IAN Seminar Series 2014

The goal of the IAN seminar series is to provide concise, thought-provoking ideas relating to Chesapeake Bay science and management. Short presentations (15 minutes maximum length) are immediately followed by a lunchtime discussion of the topics raised by the presenter. The discussion is summarized and is posted along with a pdf version of the seminar slides. The seminars are captured on video and posted under a Creative Commons license so they can be freely shared.

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DateSpeakerSeminarSeries
Thu 19
Feb
2009
http://ian.umces.edu/seminarseries/
Biological response to ecosystem change in the northern Bering and Chukchi Seas - Jacqueline Grebmeier (UMCES CBL) - IAN Seminar Series
2009-02-19T12:00:00-05:00 2009-02-19T13:00:00-05:00
Macknis Room, Chesapeake Bay Program Office, 410 Severn Avenue (Suite 109), Annapolis MD
The continental shelf and slope regions in the Pacific Arctic sector are extremely productive due to the input of nutrient-rich Pacific water on the northern Bering and Chukchi Sea shelves and into the Arctic Ocean. Benthic-dominated regions on these shallow shelves have high benthic infaunal biomass and sediment carbon cycling. Bivalves, polychaetes and amphipods dominate the infaunal organisms and this region serves as a major prey area for benthic-feeding marine mammals and seabirds, including walrus, gray whales and diving seaducks. Past studies in the region indicate food supply is the major factor influencing benthic carbon cycling, with colder water regions having some of the highest benthic carbon cycling rates, indicative of higher organic carbon export to the benthos. However, with the increasing influence of warmer, lower nutrient water transiting northward from the Bering Sea, a continued reduced seasonal sea ice coverage, and corresponding increases in seawater temperatures, it is likely that the changes being seen in the biological ecosystem will continue and possibly accelerate. A large-scale impact might well be a transitional change from a benthic-dominated northern Bering and Chukchi shelf region to a more pelagic-dominated system. Data will be presented on key biological factors influencing benthic carbon cycling at various time and space scales in the western Arctic region in order to evaluate both present impacts and possible future changes in benthic processes in this highly productive system.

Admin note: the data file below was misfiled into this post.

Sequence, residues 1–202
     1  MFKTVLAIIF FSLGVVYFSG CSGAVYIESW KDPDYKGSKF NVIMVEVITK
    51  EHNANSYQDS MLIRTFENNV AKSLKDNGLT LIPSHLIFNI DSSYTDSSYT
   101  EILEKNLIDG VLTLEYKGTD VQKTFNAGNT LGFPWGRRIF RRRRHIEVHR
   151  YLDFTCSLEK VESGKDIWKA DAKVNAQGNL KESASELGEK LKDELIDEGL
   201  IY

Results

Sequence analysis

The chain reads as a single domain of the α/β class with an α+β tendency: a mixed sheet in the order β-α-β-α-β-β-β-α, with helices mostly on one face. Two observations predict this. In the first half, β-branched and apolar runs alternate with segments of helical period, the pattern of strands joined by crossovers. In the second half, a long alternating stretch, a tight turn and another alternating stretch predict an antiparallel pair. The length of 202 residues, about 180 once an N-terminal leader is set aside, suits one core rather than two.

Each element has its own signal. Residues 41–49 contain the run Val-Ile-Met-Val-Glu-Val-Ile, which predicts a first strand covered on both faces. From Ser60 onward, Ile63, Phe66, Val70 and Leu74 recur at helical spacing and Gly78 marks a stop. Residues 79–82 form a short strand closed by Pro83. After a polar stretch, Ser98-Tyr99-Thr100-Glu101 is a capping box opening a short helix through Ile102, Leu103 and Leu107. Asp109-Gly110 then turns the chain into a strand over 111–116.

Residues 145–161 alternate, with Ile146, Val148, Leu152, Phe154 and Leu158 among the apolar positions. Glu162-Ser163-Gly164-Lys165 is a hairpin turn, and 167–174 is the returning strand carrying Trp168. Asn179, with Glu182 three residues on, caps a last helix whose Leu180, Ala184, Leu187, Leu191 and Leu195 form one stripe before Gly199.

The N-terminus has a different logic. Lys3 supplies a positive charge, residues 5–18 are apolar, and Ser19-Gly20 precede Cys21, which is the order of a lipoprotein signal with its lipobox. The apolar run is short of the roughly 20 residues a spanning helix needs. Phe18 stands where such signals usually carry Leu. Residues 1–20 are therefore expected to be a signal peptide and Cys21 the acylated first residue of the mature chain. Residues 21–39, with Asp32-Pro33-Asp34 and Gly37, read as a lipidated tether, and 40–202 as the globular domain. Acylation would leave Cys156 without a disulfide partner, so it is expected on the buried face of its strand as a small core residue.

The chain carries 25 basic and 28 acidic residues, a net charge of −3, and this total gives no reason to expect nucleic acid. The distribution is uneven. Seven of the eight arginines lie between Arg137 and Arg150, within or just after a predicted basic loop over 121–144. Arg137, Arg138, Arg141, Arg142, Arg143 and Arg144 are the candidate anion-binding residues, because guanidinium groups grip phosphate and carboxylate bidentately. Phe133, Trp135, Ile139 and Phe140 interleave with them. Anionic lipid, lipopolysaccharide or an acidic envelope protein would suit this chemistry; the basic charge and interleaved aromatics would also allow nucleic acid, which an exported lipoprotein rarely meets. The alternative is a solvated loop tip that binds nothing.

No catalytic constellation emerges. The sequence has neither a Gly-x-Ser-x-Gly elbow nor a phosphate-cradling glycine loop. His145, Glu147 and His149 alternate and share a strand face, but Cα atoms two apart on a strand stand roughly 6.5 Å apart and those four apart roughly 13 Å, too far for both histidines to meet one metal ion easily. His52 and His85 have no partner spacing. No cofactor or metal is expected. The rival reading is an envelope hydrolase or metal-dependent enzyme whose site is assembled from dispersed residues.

Jacqueline Grebmeier
UMCES CBL
jgrebmei@umces.edu
Biological response to ecosystem change in the northern Bering and Chukchi Seas

Science for Citizens
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Abstract

The continental shelf and slope regions in the Pacific Arctic sector are extremely productive due to the input of nutrient-rich Pacific water on the northern Bering and Chukchi Sea shelves and into the Arctic Ocean. Benthic-dominated regions on these shallow shelves have high benthic infaunal biomass and sediment carbon cycling. Bivalves, polychaetes and amphipods dominate the infaunal organisms and this region serves as a major prey area for benthic-feeding marine mammals and seabirds, including walrus, gray whales and diving seaducks. Past studies in the region indicate food supply is the major factor influencing benthic carbon cycling, with colder water regions having some of the highest benthic carbon cycling rates, indicative of higher organic carbon export to the benthos. However, with the increasing influence of warmer, lower nutrient water transiting northward from the Bering Sea, a continued reduced seasonal sea ice coverage, and corresponding increases in seawater temperatures, it is likely that the changes being seen in the biological ecosystem will continue and possibly accelerate. A large-scale impact might well be a transitional change from a benthic-dominated northern Bering and Chukchi shelf region to a more pelagic-dominated system. Data will be presented on key biological factors influencing benthic carbon cycling at various time and space scales in the western Arctic region in order to evaluate both present impacts and possible future changes in benthic processes in this highly productive system.



Time and Venue

Seminars start at 12 noon, scheduled for 45 mins (15 mins plus 30 min question/discussion time).

Science for Citizens seminars are held in the Joe Macknis Conference Room (Fish Shack) at the Chesapeake Bay Program Office, 410 Severn Avenue, Annapolis MD 21403, immediately following the monthly meetings of the Science Technical Analysis and Reporting (STAR) team meetings.

Citizens for Science seminars are conducted at the UMCES Annapolis Office, 1 Park Place, Suite 325, Annapolis, MD 21401.



Inquiries

If you have any queries or would like to contribute to next year's seminar series, please contact:

Jane Thomas ()
Bill Dennison ()